Some sea level rise consequences from Fairfax Climate Watch:
which uses conservative (in the engineering sense) estimates of future SLR.

The growth of sea level is actually not exponential but rather sigmoid, i.e., S-shaped. Otherwise, the article is well done.

Martin Vermeer said...


the first half of this sigmoid is well approximated by an exponential. As this is the major difference between Hansen and Sato's assumption of a collapse-like disintegration (with a very short time scale, five years?!), and the more commonly used assumption of a linear dependence between ice melt and temperature anomaly, I think the author may be forgiven for simplifying in this way ;-)

Anonymous said...

"Our leaders now treat climate change as a guilty secret. Even after the devastation of Hurricane Sandy and the record droughts and wildfires that savaged the US, the two main presidential contenders refused to mention the subject, except for one throwaway sentence each." -- ( George Monbiot)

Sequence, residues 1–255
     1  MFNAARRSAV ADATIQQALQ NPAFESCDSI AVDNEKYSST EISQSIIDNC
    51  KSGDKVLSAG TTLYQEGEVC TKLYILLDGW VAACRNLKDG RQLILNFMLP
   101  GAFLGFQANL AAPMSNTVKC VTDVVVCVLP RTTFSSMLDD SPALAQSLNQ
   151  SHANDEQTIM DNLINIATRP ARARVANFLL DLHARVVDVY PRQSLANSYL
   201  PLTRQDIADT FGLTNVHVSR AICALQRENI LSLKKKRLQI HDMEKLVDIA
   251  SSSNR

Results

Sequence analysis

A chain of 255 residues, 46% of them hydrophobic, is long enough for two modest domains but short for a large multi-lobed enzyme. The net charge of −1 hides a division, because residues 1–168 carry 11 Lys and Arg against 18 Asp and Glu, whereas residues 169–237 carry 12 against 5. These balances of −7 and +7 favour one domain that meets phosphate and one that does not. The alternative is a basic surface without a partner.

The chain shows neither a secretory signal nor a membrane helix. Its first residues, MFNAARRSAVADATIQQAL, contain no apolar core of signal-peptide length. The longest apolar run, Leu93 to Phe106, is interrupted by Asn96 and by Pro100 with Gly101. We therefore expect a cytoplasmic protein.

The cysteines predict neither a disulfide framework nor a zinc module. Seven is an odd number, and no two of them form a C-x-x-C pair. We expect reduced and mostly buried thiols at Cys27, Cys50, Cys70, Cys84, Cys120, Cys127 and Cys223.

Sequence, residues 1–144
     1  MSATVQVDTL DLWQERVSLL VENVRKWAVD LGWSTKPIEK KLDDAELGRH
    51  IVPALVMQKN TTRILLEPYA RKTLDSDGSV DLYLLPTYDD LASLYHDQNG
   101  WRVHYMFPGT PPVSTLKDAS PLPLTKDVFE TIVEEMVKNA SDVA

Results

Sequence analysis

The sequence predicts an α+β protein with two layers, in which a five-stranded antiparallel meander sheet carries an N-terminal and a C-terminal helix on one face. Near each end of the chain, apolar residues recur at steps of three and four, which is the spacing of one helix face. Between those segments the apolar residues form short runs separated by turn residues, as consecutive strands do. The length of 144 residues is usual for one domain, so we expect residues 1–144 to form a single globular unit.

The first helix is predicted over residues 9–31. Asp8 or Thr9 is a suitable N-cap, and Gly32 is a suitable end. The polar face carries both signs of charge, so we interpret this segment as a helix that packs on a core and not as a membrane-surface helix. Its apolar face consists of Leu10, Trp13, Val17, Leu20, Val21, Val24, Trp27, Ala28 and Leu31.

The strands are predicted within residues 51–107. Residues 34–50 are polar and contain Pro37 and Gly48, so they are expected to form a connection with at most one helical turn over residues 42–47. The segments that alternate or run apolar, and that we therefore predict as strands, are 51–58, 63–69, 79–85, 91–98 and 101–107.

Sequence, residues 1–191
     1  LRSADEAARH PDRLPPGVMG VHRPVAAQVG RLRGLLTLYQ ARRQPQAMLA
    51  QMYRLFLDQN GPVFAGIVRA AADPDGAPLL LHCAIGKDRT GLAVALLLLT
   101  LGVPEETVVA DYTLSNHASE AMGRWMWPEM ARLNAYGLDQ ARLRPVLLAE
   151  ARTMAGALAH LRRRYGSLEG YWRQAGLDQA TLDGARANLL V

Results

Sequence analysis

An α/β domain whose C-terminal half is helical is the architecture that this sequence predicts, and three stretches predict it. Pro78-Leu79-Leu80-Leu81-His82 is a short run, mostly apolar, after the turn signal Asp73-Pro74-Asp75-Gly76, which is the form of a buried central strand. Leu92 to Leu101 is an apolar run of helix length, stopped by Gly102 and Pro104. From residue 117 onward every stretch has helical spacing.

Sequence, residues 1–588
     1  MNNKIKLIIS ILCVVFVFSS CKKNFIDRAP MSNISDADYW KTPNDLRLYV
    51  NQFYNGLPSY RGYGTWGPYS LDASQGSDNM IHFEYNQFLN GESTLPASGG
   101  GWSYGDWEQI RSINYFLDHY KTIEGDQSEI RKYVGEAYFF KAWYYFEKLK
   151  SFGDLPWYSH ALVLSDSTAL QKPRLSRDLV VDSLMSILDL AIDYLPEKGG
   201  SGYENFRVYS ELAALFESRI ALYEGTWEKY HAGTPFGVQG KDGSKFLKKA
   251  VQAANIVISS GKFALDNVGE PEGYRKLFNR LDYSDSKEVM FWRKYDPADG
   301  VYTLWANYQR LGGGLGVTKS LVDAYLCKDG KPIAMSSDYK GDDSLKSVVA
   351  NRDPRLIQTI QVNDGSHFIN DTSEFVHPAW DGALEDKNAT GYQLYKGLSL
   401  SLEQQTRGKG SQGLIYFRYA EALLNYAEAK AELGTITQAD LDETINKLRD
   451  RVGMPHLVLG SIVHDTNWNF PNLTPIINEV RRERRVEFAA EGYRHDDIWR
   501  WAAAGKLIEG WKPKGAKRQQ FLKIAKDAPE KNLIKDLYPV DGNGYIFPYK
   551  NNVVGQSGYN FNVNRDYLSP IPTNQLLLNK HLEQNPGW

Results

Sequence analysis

If a Sandy makes landfall and there is no leader willing to acknowledge the obvious link to climate change, does it have an impact on policy?


Brian Dodge said...

this would be a big ol' $70+ billion can o' whup ass. I've seen an add featuring politicians and celebs calling to "rebuild" the areas wiped out; do they really think this was a one off bolt of lightning that won't strike again? Maybe we should send Mayor Bloomberg, Governor Christie, and Governor Cuomo a message - "Hey dummies, since it's clear that there is ZERO political will to do anything to stop global warming, we're going to have to adapt to climate change. 'Adapting' does not mean rebuilding what's been destroyed just so it can be destroyed again - that's as stupid as standing there with your legs spread and a dumb look on your face after you've just been kicked in the nuts. Kiss shoreline development(or redevelopment) goodbye."